Ladan Hussein, the woman who records and performs as Cold Specks, is quietly intense. On Fool’s Paradise (Arts & Crafts), her third album, Hussein’s music is stripped down to the essentials. Soft, mournful synthesizers drift through a melancholy space, with elusive percussion accents in the background. Her hushed, jazz-inflected vocals are full of passionate yearning, the sound of a soul on the verge of tears or explosive anger. “This is a deeply personal album,” says the Toronto-based Hussein. “It deals with a variety of topics from self-love, identity and diaspora dreaming during the apocalypse. I wrote most of the record in a period where I was feeling as though I needed to detach from the world, for the sake of my own sanity. The album is a brutally honest document of it all.” Hussein will be guest editing magnetmagazine.com all week. Read our new feature on her.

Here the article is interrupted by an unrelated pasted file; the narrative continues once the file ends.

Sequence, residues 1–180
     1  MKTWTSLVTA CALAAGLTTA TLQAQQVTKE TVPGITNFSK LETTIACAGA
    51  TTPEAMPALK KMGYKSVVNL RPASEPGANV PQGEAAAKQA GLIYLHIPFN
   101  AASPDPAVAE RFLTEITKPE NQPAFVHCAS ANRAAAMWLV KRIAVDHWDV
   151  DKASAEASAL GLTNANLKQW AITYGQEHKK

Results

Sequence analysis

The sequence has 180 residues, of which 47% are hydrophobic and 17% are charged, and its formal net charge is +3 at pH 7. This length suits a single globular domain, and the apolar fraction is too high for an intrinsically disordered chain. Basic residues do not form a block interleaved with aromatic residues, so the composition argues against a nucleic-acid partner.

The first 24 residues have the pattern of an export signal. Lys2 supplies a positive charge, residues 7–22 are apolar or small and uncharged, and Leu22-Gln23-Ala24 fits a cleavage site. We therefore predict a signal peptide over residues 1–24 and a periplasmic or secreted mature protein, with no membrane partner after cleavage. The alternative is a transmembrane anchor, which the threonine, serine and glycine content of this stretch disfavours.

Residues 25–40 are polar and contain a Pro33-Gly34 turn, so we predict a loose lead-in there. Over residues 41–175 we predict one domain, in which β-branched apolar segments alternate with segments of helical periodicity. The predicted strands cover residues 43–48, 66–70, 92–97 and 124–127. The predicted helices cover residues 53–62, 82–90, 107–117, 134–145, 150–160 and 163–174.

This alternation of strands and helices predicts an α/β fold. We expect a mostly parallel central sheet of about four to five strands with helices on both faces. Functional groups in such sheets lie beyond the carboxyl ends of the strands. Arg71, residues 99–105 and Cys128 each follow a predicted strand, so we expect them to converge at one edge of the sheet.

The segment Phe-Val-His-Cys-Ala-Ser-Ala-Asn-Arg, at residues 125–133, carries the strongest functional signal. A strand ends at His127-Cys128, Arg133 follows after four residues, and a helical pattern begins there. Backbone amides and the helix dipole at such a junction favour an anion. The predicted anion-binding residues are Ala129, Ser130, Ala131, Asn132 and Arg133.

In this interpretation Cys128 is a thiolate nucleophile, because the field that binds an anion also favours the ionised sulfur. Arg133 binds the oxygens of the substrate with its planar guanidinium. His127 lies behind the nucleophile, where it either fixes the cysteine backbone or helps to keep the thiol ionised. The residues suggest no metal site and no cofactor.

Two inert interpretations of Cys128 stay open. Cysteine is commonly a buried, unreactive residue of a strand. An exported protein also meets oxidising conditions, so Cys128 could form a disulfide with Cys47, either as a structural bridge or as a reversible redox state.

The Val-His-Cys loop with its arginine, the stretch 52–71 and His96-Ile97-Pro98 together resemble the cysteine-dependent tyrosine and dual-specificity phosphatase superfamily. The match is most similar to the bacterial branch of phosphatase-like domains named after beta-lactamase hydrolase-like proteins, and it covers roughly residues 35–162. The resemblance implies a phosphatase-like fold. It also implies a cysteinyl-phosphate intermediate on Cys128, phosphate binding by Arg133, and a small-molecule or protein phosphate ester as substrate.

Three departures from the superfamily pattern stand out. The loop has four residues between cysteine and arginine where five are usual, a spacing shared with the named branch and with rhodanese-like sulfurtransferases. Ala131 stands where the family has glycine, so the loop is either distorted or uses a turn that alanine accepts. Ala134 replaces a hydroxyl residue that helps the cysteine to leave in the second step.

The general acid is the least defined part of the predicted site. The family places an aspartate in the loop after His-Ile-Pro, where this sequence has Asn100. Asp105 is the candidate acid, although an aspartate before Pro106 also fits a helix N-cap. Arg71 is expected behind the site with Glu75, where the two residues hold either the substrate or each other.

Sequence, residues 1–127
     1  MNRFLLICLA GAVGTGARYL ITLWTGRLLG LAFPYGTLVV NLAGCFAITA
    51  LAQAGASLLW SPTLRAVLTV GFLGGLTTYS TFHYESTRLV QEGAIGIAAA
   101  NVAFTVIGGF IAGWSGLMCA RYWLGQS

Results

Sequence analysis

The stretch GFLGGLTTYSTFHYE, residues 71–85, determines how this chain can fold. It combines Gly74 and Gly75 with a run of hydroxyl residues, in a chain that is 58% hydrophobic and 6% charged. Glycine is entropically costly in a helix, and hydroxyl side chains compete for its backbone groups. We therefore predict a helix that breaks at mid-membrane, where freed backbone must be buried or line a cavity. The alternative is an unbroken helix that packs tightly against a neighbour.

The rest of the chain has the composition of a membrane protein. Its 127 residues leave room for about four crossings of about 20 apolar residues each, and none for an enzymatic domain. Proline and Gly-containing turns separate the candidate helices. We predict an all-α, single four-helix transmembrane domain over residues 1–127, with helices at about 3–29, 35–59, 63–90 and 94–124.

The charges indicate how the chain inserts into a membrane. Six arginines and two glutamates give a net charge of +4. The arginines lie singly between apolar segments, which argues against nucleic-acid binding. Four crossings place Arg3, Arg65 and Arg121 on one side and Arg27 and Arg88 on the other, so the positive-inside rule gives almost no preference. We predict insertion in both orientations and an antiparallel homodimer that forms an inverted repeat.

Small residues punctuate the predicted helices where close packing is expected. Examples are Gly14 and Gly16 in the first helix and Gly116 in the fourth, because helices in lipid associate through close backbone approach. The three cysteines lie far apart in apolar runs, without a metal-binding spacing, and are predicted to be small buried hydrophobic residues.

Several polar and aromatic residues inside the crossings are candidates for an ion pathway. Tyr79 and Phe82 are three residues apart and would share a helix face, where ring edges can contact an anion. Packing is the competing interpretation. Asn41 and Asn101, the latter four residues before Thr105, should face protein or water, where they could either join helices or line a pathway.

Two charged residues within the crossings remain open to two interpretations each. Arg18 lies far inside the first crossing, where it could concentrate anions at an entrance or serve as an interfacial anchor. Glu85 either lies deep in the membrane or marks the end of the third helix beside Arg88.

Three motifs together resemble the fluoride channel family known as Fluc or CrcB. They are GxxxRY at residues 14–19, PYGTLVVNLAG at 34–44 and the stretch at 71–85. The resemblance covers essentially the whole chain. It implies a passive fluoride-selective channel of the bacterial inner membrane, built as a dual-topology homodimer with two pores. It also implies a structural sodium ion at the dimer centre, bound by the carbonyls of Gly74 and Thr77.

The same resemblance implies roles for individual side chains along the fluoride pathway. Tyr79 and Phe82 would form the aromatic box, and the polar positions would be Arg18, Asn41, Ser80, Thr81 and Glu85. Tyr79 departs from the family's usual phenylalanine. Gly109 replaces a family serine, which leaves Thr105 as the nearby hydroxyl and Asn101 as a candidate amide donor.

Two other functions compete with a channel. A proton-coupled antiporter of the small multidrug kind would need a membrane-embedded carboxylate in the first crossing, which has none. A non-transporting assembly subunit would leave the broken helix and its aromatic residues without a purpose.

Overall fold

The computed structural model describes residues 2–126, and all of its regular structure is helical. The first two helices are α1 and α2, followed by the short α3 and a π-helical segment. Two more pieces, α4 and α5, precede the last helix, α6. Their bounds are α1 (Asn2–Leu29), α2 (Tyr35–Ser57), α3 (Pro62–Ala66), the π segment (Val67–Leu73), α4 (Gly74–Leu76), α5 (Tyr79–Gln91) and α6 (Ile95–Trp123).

Hussein: Apathy during the apocalypse is the goal. Switch it off and sigh. Here are songs to keep you warm during the disconnection process. (You can keep up with my Paradise Playlist on Spotify.)
As a young black girl creating strange sounds, Poly Styrene was my hero. When I found out she was Somali, my whole world changed. I found a familiar face in a sea of offensively mediocre, boring white dudes. In fact, she is a part of the reason I call myself Cold Specks. I even had a pseudonym behind my stage name for a while (Al Spx), which was an homage to her band X-Ray Spex. (The Al was for Allah.)